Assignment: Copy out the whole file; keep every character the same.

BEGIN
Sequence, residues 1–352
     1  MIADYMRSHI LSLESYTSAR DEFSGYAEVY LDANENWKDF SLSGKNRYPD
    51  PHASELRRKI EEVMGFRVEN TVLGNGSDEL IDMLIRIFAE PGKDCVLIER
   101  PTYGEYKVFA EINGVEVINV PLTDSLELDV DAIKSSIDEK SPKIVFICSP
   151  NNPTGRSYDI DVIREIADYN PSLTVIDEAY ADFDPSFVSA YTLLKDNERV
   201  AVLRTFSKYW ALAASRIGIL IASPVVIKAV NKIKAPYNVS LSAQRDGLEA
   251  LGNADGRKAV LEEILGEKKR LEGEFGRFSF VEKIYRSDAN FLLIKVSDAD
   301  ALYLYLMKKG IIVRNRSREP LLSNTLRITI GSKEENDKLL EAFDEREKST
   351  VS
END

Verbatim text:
Sequence, residues 1–352
     1  MIADYMRSHI LSLESYTSAR DEFSGYAEVY LDANENWKDF SLSGKNRYPD
    51  PHASELRRKI EEVMGFRVEN TVLGNGSDEL IDMLIRIFAE PGKDCVLIER
   101  PTYGEYKVFA EINGVEVINV PLTDSLELDV DAIKSSIDEK SPKIVFICSP
   151  NNPTGRSYDI DVIREIADYN PSLTVIDEAY ADFDPSFVSA YTLLKDNERV
   201  AVLRTFSKYW ALAASRIGIL IASPVVIKAV NKIKAPYNVS LSAQRDGLEA
   251  LGNADGRKAV LEEILGEKKR LEGEFGRFSF VEKIYRSDAN FLLIKVSDAD
   301  ALYLYLMKKG IIVRNRSREP LLSNTLRITI GSKEENDKLL EAFDEREKST
   351  VS